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26628 - Robinson v. Bon Secours St. Francis Health System

THE STATE OF SOUTH CAROLINA
In The Supreme Court


Manuel Robinson, as duly appointed Personal Representative of the Estate of Brenda Doris Robinson, deceased, Petitioner,

v.

Bon Secours St. Francis Health System, Inc. and St. Francis Hospital, Inc., d/b/a St. Francis Women's and Family Hospital, Adrian Paul Corlette, Sr., MD, Elaine Mary Haule, MD, Donald Webster Wing, MD and Tara L. Sabatinos, PA, Respondents.


ON WRIT OF CERTIORARI TO THE COURT OF APPEALS


Appeal From Greenville County
 D. Garrison Hill, Circuit Court Judge


Opinion No. 26628
Heard January 22, 2009 - Filed April 13, 2009  


REVERSED


Matthew Christian and W. Harold Christian, Jr., both of Christian Moorhead & Davis, of Greenville, for Petitioner.

Ashby W. Davis, of Davis & Snyder, of Greenville, and Gregory A. Morton, of Donnan & Morton, of Greenville, for Respondents.


PER CURIAM:  We granted a writ of certiorari to review the Court of Appeals’ opinion in Robinson v. Bon Secours St. Francis Health Sys. Inc., Op. No. 2006-UP-333 (S.C. Ct. App. filed September 20, 2006).  The sole issue on certiorari is whether the Court of Appeals properly upheld the trial court’s denial of Robinson’s Batson[1] motion.  We reverse.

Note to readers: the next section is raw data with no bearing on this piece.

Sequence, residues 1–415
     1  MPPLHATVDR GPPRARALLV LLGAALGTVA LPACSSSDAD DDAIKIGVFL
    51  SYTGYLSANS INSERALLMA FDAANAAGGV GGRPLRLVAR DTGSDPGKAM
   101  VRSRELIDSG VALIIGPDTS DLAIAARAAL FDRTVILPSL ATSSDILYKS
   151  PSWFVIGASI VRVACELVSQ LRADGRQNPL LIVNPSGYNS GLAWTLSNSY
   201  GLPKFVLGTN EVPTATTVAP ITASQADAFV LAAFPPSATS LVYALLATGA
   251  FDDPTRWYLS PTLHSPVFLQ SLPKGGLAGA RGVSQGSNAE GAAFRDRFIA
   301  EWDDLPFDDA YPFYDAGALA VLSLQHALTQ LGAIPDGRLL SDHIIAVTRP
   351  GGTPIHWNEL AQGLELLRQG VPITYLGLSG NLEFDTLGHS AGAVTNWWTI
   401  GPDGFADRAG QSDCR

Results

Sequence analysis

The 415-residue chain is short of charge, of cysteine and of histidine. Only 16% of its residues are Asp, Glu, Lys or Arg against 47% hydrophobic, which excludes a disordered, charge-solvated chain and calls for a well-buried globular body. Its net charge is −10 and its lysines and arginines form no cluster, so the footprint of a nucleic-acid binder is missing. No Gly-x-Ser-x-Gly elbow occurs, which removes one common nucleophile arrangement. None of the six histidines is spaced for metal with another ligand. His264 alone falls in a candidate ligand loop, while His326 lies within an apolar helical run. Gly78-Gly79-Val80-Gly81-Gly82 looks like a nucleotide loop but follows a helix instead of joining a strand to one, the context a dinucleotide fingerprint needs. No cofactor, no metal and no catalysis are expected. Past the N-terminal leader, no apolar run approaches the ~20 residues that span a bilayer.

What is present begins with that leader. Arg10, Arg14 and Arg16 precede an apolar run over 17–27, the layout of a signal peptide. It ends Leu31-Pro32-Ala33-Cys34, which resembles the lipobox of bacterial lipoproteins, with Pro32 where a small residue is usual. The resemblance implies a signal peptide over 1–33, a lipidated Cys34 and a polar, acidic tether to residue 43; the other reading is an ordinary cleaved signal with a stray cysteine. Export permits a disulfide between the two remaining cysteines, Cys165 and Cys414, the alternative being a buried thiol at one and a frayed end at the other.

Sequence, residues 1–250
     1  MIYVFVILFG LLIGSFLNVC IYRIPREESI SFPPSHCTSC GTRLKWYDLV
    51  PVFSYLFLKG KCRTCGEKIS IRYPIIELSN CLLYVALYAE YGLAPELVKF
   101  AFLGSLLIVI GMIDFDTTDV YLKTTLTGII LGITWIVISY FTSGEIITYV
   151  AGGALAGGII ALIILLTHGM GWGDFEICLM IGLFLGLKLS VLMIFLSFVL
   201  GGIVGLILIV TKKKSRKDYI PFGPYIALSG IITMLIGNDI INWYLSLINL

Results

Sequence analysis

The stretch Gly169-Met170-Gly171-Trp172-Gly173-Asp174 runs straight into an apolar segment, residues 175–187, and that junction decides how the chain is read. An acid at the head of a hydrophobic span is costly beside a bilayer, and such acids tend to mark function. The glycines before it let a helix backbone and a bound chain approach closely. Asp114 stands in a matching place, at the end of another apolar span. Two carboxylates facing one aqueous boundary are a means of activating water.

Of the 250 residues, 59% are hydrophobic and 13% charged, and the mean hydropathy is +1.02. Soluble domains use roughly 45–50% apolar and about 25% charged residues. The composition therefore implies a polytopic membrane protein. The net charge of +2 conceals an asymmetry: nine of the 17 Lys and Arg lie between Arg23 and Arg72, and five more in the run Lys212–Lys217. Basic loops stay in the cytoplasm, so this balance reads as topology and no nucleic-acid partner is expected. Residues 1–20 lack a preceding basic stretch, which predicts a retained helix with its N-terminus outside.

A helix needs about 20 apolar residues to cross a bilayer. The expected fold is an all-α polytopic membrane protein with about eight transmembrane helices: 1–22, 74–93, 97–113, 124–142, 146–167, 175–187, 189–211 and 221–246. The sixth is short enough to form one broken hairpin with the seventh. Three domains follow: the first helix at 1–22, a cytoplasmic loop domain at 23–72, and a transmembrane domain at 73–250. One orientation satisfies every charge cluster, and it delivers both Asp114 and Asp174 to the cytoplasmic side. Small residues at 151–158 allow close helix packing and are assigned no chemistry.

FACTS

Robinson is the personal representative of the estate of his deceased wife, Brenda, who passed away while under the care of Respondents on September 19, 2000.[2]  Robinson brought wrongful death and survival actions against the hospital and treating physicians.   The trial commenced on March 21, 2005.

During jury selection, counsel for the defense struck four potential jurors: three black females and one white male.  The jury was ultimately composed of five white males, seven white females, one black female alternate, and one white female alternate.  Robinson made a Batson motion to set aside the state’s strikes of the three black potential jurors.